Wisconsin Expands School Choice Efforts
The state has been a laboratory for experimenting with options
MADISON – School choice in Wisconsin has come a long way since the late 1980s, when Republican Gov. Tommy Thompson and Milwaukee led the national school voucher revolution.
What began as a few private religious schools serving a couple hundred public school children in inner-city Milwaukee has swelled to scores of schools reaching nearly 25,000 students – the vast majority among the poorest of the poor.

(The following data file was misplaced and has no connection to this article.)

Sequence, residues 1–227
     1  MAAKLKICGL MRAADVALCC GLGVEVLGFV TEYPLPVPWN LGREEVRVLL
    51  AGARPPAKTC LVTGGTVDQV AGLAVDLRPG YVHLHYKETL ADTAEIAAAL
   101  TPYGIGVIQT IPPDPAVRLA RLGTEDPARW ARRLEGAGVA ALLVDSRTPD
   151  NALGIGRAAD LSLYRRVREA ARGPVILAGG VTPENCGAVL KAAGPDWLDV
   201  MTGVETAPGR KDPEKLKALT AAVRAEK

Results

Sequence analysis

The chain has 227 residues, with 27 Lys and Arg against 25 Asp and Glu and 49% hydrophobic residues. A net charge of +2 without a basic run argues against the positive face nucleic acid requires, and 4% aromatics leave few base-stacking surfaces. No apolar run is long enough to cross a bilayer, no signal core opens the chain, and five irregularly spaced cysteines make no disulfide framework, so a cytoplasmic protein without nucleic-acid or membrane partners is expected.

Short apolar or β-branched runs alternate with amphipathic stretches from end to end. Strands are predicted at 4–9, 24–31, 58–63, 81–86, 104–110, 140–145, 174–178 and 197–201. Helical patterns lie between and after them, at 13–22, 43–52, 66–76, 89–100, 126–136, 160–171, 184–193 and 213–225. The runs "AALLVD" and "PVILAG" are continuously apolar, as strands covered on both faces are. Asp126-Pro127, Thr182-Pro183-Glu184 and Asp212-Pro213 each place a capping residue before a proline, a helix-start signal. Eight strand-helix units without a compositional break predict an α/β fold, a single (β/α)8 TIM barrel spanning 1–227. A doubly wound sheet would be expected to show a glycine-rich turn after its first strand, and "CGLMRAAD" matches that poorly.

The concept of the Milwaukee Parental Choice Program has expanded into Racine, where 11 schools boast enrollment of more than 500 students total. Racine expects to open up as 500 more spots next year after state-imposed caps are lifted, according to Terry Brown, vice president of School Choice Wisconsin, the Milwaukee-based advocacy group that supports parental rights in choosing the education of their children.